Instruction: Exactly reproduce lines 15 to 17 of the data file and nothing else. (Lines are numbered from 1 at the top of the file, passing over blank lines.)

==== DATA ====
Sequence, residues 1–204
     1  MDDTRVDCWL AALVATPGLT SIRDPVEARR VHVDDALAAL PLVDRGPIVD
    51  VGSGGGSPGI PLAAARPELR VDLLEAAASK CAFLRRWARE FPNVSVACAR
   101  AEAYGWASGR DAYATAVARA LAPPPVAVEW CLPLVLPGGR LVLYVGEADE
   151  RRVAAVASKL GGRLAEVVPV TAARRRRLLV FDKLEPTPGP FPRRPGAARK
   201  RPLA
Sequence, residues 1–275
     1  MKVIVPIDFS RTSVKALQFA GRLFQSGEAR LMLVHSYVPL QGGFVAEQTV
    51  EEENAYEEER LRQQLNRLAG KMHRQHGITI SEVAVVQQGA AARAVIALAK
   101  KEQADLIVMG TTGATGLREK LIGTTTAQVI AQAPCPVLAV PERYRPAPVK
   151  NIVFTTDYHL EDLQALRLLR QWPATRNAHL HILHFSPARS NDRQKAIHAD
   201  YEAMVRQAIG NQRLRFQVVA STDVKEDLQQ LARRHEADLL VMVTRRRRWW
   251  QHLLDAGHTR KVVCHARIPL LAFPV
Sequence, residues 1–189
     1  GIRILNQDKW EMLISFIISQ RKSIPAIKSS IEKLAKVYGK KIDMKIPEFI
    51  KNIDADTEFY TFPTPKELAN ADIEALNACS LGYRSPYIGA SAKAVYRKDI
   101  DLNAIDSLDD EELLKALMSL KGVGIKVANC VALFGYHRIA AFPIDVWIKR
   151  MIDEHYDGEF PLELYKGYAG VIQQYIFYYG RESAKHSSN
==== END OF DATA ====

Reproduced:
     1  GIRILNQDKW EMLISFIISQ RKSIPAIKSS IEKLAKVYGK KIDMKIPEFI
    51  KNIDADTEFY TFPTPKELAN ADIEALNACS LGYRSPYIGA SAKAVYRKDI
   101  DLNAIDSLDD EELLKALMSL KGVGIKVANC VALFGYHRIA AFPIDVWIKR